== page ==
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Back On Track 

New TRAX transit station opens south of Downtown after decades of planning.

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click to enlarge "The Crossing," by artist Jiyoun Lee-Lodge, evokes the movement of water and greets transit riders at the new 600 South Station. - BENJAMIN WOOD
  • Benjamin Wood
  • "The Crossing," by artist Jiyoun Lee-Lodge, evokes the movement of water and greets transit riders at the new 600 South Station.

CENTRAL 9TH—Utah Transit Authority chairman Carlton Christensen said Tuesday that he feels a particular connection to the now-open TRAX station at 650 S. Main.

In 1997—when Christensen was a newly-elected member of the Salt Lake City Council—he toured the area with the director of the city’s Redevelopment Agency (RDA), who explained how space had been reserved along the rail lines for a future TRAX station “to be built in the near future.”

“Who would have thought that the ‘near future’ would be 25 years later?” Christensen said. “With every addition that you see in the UTA system, we offer more connection, more mobility and more access to opportunity. This station and all of our transit services are here for you.”

click to enlarge Salt Lake City Mayor Erin Mendenhall poses for photographs with members of the City Council and artist Jiyoun Lee-Lodge and her family at the opening of the 600 South Station on Tuesday, July 26, 2022. - BENJAMIN WOOD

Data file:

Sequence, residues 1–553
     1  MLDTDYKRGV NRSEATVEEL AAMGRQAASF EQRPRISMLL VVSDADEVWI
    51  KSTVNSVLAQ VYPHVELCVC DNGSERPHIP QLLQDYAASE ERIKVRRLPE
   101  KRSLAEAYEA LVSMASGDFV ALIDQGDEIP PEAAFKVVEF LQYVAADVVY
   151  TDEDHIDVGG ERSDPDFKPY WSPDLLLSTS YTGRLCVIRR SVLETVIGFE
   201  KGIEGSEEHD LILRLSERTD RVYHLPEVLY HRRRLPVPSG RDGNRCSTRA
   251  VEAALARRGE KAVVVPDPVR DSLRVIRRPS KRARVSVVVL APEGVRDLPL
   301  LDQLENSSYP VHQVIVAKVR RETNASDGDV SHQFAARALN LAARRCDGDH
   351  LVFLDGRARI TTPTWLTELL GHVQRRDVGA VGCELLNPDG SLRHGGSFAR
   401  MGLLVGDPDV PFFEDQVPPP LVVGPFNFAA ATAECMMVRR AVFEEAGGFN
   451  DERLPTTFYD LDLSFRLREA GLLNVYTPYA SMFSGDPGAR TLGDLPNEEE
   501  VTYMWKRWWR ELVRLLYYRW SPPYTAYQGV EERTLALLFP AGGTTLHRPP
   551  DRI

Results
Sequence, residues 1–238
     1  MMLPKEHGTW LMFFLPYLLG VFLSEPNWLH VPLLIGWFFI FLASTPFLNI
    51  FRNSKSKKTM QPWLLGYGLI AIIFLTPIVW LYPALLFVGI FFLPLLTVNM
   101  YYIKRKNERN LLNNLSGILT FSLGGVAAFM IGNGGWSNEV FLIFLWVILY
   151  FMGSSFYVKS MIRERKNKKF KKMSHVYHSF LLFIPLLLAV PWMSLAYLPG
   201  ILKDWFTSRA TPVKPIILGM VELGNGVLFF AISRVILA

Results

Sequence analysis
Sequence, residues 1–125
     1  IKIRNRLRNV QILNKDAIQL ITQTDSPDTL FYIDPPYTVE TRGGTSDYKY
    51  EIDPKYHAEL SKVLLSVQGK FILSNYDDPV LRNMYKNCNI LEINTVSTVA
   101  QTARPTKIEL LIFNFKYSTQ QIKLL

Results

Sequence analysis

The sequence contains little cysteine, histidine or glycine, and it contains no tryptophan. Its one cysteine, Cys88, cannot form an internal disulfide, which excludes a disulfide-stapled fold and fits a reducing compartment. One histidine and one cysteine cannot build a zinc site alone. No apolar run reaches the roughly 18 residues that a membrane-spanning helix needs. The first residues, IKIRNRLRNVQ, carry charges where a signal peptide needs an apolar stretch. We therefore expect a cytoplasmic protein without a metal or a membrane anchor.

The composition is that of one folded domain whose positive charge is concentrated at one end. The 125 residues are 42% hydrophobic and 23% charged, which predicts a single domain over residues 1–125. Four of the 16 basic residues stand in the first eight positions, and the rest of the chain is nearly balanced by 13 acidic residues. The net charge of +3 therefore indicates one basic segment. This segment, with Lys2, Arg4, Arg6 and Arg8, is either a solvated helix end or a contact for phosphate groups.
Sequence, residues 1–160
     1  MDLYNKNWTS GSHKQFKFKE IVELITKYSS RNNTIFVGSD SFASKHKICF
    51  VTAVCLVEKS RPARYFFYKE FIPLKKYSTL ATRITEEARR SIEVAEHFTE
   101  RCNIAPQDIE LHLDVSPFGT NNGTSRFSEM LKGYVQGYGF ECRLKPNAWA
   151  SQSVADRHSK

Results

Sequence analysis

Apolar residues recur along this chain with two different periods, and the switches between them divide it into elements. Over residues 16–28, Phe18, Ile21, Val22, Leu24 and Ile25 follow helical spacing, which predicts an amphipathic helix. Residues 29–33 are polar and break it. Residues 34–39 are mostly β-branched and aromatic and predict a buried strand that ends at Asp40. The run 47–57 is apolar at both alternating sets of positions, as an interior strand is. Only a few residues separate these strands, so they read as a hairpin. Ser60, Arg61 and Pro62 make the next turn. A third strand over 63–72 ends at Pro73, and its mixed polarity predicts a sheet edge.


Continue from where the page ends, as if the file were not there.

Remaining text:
• Benjamin Wood
  • Salt Lake City Mayor Erin Mendenhall poses for photographs with members of the City Council and artist Jiyoun Lee-Lodge and her family at the opening of the 600 South Station on Tuesday, July 26, 2022.

For passenger rail, those additions have been relatively few and far between since the initial flurry of transit construction that preceded Salt Lake City’s hosting of the 2002 Olympic Winter Games. The 900 South Station—on 200 West—was built in 2005, while the S-Line Streetcar opened in 2013.

Since then, UTA has made strides in modernizing its traditional bus services, implementing high-frequency routes in Salt Lake City and Bus Rapid Transit (BRT) lines elsewhere around the Wasatch Front.

Ana Valdemoros, who represents District 4 on the Salt Lake City Council, said the 600 South Station both reflects and will add to the southward and westward growth of the city’s urban core. Investing in multi-modal transportation, she said, ensures that residents have convenient and equitable access to the places they need to go.

“This station’s midtown location is key to so many Downtown-adjacent neighborhoods,” Valdemoros said. “Not only will it serve as a bridge to and from Downtown, but it will also ensure increased mobility for our city’s residents and workforce in the Ballpark, Central Ninth, Granary and Central City neighborhoods.

That sentiment was echoed by Matthew Behrmann, senior vice president of the Patrinely Group, whose firm is finalizing a new office tower built adjacent to the TRAX station. Patrinely Group was among the private entities that contributed funding to the station project and Behrmann said proximity to public transit was a key factor in deciding to launching the Salt Lake City development.

“It responds to what today’s most progressive and discerning employers desire in their office home—a healthy, productive and connected daily environment for their employees and their customers,” he said.